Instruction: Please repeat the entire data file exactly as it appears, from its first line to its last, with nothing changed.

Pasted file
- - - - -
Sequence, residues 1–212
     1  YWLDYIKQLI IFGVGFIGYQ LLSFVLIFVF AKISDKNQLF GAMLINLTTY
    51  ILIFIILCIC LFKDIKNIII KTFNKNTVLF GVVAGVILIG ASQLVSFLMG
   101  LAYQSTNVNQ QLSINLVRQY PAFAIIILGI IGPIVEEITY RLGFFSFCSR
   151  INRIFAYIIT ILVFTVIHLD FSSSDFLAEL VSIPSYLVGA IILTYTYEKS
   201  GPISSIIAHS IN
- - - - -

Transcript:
Sequence, residues 1–212
     1  YWLDYIKQLI IFGVGFIGYQ LLSFVLIFVF AKISDKNQLF GAMLINLTTY
    51  ILIFIILCIC LFKDIKNIII KTFNKNTVLF GVVAGVILIG ASQLVSFLMG
   101  LAYQSTNVNQ QLSINLVRQY PAFAIIILGI IGPIVEEITY RLGFFSFCSR
   151  INRIFAYIIT ILVFTVIHLD FSSSDFLAEL VSIPSYLVGA IILTYTYEKS
   201  GPISSIIAHS IN